During the last century, the pressure on the United States Government to become involved in Cuban matters became stronger.
Thomas Jefferson was among the first U.S. politicians to support U.S. annexation of Cuba. Jefferson, and many presidents after him, attempted to buy Cuba from Spain. Spain refused.
Later, many Southerners wanted to make Cuba a state, increasing the slave-owning states' political power. Despite increased attempts to buy Cuba from Spain, Cuba remained a Spanish colony. The Civil War put an end to the desire of Cuban statehood for this purpose.
During the Cuban War of Independence, the American tabloids publicized the policies employed by General Valeriano Weyler in Cuba. His concentration camps and executions produced genuine sympathy for the Cubans in the United States.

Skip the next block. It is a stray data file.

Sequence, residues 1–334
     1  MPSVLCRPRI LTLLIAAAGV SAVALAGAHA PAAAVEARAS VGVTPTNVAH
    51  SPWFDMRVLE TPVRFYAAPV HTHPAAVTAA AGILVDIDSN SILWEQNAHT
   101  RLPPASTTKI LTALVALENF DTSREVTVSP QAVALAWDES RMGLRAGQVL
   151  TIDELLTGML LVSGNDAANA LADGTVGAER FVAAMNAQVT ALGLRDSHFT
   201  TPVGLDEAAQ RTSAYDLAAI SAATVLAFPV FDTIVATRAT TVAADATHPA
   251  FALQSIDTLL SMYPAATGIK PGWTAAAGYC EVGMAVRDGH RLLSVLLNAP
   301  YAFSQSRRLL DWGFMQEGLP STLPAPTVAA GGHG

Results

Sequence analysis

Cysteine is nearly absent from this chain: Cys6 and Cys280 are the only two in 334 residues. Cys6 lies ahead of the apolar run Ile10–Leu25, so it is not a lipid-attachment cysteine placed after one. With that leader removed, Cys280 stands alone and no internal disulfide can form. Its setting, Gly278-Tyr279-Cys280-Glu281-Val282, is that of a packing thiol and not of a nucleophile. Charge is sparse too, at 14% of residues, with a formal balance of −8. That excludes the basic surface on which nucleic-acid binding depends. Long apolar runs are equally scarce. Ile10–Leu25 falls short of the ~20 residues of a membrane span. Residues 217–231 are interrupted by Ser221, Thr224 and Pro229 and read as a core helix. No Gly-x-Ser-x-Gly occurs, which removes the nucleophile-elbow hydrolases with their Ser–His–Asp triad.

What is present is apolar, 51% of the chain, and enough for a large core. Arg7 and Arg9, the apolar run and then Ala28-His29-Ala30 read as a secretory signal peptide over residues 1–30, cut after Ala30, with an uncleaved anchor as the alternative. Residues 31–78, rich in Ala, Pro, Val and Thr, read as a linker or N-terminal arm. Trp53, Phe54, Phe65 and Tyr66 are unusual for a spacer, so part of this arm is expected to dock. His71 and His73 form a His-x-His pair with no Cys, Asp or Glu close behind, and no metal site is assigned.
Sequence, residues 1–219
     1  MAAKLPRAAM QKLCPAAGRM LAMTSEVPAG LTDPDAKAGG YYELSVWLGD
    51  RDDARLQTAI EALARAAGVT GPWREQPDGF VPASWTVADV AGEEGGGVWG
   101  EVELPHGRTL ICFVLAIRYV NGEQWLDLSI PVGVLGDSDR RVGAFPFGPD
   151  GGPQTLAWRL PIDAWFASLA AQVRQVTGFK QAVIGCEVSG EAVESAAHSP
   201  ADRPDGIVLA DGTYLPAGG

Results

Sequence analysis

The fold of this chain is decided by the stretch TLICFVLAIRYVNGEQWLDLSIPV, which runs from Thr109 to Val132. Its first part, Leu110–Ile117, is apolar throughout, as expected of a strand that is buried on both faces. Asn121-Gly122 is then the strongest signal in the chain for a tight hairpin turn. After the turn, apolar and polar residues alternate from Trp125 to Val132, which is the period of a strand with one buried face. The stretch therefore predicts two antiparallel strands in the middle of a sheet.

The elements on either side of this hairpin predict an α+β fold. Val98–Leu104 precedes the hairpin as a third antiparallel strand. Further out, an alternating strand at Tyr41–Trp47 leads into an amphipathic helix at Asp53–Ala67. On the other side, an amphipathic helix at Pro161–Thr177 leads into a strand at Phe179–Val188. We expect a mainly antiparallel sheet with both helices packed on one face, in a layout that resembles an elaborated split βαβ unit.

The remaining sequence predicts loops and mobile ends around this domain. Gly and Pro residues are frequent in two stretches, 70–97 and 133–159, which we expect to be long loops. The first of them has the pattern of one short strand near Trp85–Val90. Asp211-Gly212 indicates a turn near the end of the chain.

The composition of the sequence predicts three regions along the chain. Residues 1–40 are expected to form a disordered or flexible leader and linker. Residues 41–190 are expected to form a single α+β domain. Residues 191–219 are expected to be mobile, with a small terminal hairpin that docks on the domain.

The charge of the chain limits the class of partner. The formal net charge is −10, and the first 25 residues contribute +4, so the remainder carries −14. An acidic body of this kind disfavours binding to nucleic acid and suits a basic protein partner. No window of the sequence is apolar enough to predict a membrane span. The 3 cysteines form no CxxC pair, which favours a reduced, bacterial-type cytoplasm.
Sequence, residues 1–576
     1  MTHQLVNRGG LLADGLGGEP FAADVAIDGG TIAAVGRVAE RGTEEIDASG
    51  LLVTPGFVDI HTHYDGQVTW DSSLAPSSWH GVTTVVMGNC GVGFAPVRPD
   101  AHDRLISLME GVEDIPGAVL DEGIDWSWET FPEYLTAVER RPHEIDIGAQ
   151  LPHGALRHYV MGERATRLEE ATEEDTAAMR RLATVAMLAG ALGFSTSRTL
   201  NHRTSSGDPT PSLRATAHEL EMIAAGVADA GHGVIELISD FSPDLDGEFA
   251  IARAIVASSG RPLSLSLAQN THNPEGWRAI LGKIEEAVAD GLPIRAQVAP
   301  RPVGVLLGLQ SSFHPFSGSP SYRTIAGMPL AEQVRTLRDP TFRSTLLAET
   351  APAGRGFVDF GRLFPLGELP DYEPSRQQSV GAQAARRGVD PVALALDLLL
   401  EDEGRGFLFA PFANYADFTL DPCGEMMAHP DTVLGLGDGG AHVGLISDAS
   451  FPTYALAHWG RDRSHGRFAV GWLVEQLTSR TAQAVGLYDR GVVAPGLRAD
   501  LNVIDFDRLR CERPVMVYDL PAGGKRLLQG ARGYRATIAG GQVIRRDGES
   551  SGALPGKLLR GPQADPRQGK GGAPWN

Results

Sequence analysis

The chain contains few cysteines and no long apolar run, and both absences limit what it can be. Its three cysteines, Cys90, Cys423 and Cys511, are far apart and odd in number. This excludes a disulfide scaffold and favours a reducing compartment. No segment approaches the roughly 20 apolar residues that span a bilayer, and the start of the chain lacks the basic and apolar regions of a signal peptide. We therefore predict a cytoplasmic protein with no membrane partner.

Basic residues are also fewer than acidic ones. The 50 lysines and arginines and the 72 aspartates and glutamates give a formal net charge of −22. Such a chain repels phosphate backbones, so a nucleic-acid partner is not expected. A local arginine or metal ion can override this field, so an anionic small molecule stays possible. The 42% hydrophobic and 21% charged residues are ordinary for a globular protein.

By that time, the United States had invested heavily in Cuba. Businessmen wanted to enter the war to protect and expand their interests in Cuba.
After the United States ended the Spanish-American War, they had the option of annexing Cuba. Many people were against this, they felt annexation would be stealing Cuba's independence.
The US decided to make Cuba independent after an American military government concluded it was ready to be so.
Eventually, Cuba was made officially free. This freedom was in many ways skin deep, however. Within a few years, US businesses owned 60% of the land and 75% of the sugar industry.
The United States reserved the right to intervene in Cuba whenever it wanted to and has maintained a naval base in Cuba. Another American intervention occurred and the United States often heavily influenced Cuban leaders.
Today, the US has lost its influence on Cuba. The Cuban Government vows Cuba will never become a neo-colony of the United States.